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Rap with Cream and Sugar
by Matt Crawford on Jan 18, 2007
With a vocal style that can shift from staccato, rapid-fire rhymes to gloomy croons over spooky electro beats, L.A. rapper Busdriverís style is unparallel. He stands out even among his peers in Project Plowed, the seminal collective that spawned noted lyrical stylist Aceyalone, Abstract Rude, Mikah 9, and several others. Busdriver performs in support of his latest LP RoadKillOvercoat on January 30th at the Great American Music Hall. He spoke with SF Station during a phone interview from L.A.
SF Station (SFS): How do you drink your coffee?
Busdriver (BD): With cream and sugar. I put stuff in it.
SFS: Do you drink it often?
BD: I go through periods. Right now Iím not drinking a lot of it. The ritual of getting coffee at a cafe and sitting and reading and watching people, I got accustomed to it but Iím not doing that too much right now.
SFS: Does that help your writing process?
BD: I do write a lot at cafes, so it does help.
SFS: Your lyrical approach is significantly different from other rappers. What influenced you early on and how did you develop your style?
BD: Iím from a collective called Project Blowed and we are made of members of groups like Freestyle Fellowship and all kinds of other groups. So, I was already accustomed to a slightly skewed approach to hip-hop. With that base already there, I sought after other stuff that I thought was cool. I got into a lot of vocalized jazz, like John Hendricks, Jeff Curry and Curt Elling. I like random stuff, like beat poets.
SFS: Youíve been described as having a Dadaist narrative. Is that true?
BD: It could be Dadaist at times. The stuff that I write does not always have a clear, linear path. It kind of bounces around and eventually gets somewhere.
SFS: Musically, the beats that you use are sometimes quite different, too.
BD: It mainly has to do with the time I spent in Europe. In France the club music scene had mellow techno, crunk rap stuff that was more mainstream, and electronica. They were all seamlessly woven into each other and mixed into DJ sets. I kind of got used to hearing that and fell in love with it.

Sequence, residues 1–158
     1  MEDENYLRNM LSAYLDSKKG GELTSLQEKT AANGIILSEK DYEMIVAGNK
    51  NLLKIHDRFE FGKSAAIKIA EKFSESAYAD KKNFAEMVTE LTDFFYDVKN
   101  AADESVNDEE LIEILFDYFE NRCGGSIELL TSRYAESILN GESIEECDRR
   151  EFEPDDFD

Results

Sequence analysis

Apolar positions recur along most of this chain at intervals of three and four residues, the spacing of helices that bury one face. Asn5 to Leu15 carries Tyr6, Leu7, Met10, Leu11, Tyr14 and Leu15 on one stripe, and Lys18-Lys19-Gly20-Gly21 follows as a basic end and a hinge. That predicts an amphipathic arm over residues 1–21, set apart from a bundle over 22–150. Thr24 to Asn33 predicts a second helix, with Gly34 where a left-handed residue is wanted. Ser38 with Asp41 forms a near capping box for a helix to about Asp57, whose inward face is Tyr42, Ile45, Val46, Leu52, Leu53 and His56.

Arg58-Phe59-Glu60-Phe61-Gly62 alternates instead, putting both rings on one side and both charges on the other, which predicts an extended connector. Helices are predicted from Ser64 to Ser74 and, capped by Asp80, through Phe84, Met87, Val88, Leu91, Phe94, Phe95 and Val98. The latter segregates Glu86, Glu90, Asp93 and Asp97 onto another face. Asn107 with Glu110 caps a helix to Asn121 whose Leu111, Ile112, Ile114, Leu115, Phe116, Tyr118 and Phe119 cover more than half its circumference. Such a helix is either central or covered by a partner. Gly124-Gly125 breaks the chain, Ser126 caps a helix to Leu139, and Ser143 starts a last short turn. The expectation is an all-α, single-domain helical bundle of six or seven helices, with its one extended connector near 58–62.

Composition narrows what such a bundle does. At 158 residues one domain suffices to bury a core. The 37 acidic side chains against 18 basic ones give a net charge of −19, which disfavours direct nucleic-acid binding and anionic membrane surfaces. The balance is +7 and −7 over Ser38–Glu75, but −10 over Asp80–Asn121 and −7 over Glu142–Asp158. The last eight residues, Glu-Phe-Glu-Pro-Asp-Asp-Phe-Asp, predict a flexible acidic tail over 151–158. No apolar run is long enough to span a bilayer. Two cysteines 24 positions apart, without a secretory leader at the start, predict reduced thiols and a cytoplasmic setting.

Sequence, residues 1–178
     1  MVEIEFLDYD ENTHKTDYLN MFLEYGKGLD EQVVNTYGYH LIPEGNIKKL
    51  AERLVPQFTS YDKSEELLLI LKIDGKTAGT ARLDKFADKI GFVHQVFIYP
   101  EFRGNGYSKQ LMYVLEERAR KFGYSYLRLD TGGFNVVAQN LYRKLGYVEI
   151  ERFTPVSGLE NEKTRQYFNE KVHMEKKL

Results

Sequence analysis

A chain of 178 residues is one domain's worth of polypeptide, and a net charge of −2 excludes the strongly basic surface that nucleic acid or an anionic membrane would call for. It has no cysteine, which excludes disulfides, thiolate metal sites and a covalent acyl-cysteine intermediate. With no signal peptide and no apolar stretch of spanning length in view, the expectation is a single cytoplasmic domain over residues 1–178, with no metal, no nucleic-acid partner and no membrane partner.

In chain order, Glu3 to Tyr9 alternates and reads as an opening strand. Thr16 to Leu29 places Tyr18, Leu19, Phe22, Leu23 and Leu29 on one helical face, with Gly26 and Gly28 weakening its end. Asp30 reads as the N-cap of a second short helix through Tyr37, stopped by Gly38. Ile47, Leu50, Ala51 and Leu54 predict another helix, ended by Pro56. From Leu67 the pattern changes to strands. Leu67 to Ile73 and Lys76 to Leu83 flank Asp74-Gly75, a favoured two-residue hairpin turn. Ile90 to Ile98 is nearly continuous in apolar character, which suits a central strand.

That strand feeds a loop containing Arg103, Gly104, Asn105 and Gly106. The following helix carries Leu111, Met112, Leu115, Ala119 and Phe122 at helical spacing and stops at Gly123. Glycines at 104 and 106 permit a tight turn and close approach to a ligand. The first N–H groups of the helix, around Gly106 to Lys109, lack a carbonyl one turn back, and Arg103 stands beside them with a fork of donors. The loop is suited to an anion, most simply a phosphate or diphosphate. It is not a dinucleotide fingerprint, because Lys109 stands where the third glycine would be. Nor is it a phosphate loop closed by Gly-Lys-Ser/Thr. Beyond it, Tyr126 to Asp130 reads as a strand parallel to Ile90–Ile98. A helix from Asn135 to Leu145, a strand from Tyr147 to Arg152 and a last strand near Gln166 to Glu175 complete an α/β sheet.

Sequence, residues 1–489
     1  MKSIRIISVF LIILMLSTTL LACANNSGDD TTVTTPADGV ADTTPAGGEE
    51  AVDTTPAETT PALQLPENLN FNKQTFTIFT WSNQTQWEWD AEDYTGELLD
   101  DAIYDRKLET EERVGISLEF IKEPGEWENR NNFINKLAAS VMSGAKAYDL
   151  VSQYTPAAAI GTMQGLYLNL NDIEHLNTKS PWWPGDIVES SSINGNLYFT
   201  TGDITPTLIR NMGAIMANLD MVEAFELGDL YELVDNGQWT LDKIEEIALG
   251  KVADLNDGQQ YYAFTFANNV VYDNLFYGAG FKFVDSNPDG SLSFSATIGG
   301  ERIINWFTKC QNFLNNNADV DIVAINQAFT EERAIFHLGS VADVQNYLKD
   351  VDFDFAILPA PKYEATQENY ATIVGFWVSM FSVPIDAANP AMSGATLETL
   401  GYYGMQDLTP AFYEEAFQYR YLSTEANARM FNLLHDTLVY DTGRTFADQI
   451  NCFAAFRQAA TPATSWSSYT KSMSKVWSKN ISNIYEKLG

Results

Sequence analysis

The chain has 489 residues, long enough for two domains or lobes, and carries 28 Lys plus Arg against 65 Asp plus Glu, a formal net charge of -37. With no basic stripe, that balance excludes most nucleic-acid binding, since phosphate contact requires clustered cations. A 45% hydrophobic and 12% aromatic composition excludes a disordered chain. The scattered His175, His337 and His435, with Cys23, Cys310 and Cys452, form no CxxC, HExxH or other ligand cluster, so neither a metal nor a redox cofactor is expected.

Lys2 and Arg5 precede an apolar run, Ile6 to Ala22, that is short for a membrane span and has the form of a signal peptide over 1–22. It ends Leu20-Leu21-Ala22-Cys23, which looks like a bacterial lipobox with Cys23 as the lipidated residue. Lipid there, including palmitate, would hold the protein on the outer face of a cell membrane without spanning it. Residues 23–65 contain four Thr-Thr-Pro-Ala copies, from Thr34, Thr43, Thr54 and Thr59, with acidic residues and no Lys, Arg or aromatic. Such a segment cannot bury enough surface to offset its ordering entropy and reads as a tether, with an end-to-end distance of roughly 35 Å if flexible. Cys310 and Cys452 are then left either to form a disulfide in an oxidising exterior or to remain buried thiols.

That combined with the talents of producers Boom Bip and Nobody -- who I used on this record -- made the beats kind of a natural choice.
SFS: Your web site says you are ďfrom the ashes of a now somewhat barren L.A. scene.Ē Has the scene where you started died off?
BD: No, it hasnít died off, but it has changed. We are no longer in the heyday of the early and mid 90s, when there were so many prolific and important independent rap groups coming out of L.A. There is just a different musical landscape for hip hop right now. I donít think L.A. can be a breeding ground like it was in the 90s or the late 80s.
SFS: Mainstream West Coast rap also has witnessed a decline and groups in other areas are popular now. Do think that is also the case with underground hip hop?
BD: Yeah, the Midwest took over for a little bit. A lot of important underground rap acts came out of California, but that kind of changed around 2000. A lot groups from the Midwest and East Coast came out, and the whole emo rap thing -- if you want to acknowledge that as an actual movement.
SFS: Has that affected your market at all?
BD: There are now other parts of the country that are now more important to hit up that are kind of little hip hop hotspots. The Midwest is important now. Itís making a certain kind of background and experience not as important any more for hip hop acts and it is making other backgrounds and experiences more likely. Itís interesting times.
SFS: What kind of backgrounds are you talking about?
BD: Itís people from upper middle class homes that went to school. Itís different from the typical hip hop background, which could be from the ghetto or some less flattering social-economical background. Itís just different.
Busdriver performs with Deerhoof and Blackblack on January 30th at Great American Music Hall. Tickets are $15. Doors open at 7pm and the show starts at 8pm.
by Matt Crawford on Jan 18, 2007